3. Peregrine Falcon

Length: 14.2-19.3 in
Weight: 18.7-56.4 oz
Wingspan: 39.4-43.3 in

Peregrine Falcons have a year-round range in most of Arizona. Most Peregrines in the U.S. migrate far north to arctic regions of Canada and even Greenland each year to breed. At one point in the mid 20th century their population was almost eradicated due to pesticides, they have since made a comeback and are regularly seen in the wild. 

Peregrines are not only the fastest bird, but the fastest animals on the planet reaching speeds of well over 200 mph when diving for prey. Some sources claim up to 240 mph. They can be found in many National Parks in the United States including the Great Smoky Mountains, Yellowstone, Acadia, Rocky Mountain, and Zion. There are an estimated 23,000 Peregrine Falcons currently living in the United States.


4. Prairie Falcon 

Photo by: Deanna Nichols/ USFWS | CC 2.0

Length: 14.6-18.5 in
Weight: 14.8-38.8 oz
Wingspan: 35.4-44.5 in

Prairie Falcons prefer wide open spaces like grasslands and fields where they soar high overhead looking for their next meal which is usually small mammals or other birds. They are found throughout Arizona and the western half of the United States. 

Photo by: Tom Koerner/USFWS | CC 2.0

Prairie Falcons, like Peregrines, are one of the most popular birds for falconry and hunting. Look for them soaring overhead with a pair of binoculars, or even perched along fence posts or on cliffs. Their brown colors do make them somewhat camouflaged and difficult to spot sometimes. Prairie Falcons are larger than a Merlin, but slightly smaller than a Peregrine Falcon.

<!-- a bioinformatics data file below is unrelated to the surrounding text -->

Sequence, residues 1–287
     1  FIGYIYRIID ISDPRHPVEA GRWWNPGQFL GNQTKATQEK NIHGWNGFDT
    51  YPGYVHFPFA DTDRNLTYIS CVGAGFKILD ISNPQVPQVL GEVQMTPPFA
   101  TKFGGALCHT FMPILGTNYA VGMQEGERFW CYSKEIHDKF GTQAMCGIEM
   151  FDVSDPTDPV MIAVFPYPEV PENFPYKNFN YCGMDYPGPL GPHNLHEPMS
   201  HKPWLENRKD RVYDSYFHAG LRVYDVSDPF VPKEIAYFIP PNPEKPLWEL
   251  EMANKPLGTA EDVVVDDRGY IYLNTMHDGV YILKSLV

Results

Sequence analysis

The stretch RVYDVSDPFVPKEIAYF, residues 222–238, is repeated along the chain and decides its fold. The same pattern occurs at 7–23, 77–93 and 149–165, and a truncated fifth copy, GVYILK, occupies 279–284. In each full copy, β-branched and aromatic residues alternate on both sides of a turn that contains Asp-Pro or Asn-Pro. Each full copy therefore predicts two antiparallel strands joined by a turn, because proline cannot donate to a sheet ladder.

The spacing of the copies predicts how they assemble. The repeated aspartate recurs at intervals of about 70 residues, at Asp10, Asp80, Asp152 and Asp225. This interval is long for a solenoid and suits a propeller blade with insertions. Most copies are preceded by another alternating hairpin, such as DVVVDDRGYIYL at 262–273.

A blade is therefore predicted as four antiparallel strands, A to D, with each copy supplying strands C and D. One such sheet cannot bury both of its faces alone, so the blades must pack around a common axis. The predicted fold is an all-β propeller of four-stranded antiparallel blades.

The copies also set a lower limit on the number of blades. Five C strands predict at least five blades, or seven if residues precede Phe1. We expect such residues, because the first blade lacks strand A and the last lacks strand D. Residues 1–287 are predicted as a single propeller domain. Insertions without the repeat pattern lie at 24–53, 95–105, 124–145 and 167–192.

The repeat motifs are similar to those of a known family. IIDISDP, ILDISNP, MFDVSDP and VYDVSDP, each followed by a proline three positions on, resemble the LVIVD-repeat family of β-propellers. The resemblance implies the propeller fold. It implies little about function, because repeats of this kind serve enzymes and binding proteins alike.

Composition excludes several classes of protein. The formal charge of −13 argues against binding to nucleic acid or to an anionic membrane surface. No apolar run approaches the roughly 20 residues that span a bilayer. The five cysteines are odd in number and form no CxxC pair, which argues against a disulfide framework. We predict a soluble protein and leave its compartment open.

5. Crested Caracara

Length: 19.3-22.8 in
Weight: 37.0-45.9 oz 
Wingspan: 48.0-49.2 in 

The Crested Caracara looks unlike any of the other species of falcons in Arizona. They are most common in Central America but are found in a few spotty areas of the Southern United States. In Arizona, they are most common only in far southern areas of the state south of Tucson.

Crested Caracaras look like a combination of a hawk and a vulture with their large, sharp talons and their orange faces. In size they are a bit larger than Peregrine Falcons.

Crested Caracaras are omnivores but are though to feed mainly on carrion. They are commonly perched high up on tree branches, however they are also commonly seen on the ground and may be spotted eating roadkill and other dead animals. This would explain the vulture-like face that they have. 


The information in this article has been cross-checked with current range-maps provided by The Cornell Lab of Ornithology and are accurate to the best of our knowledge. 

Want to increase your chances of spotting one of these raptors?

Consider some binoculars or a spotting scope!

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The 5 Best Spotting Scopes
About Jesse

Jesse enjoys bird watching and feeding birds in his backyard, learning about the different species, and sharing his knowledge and experiences.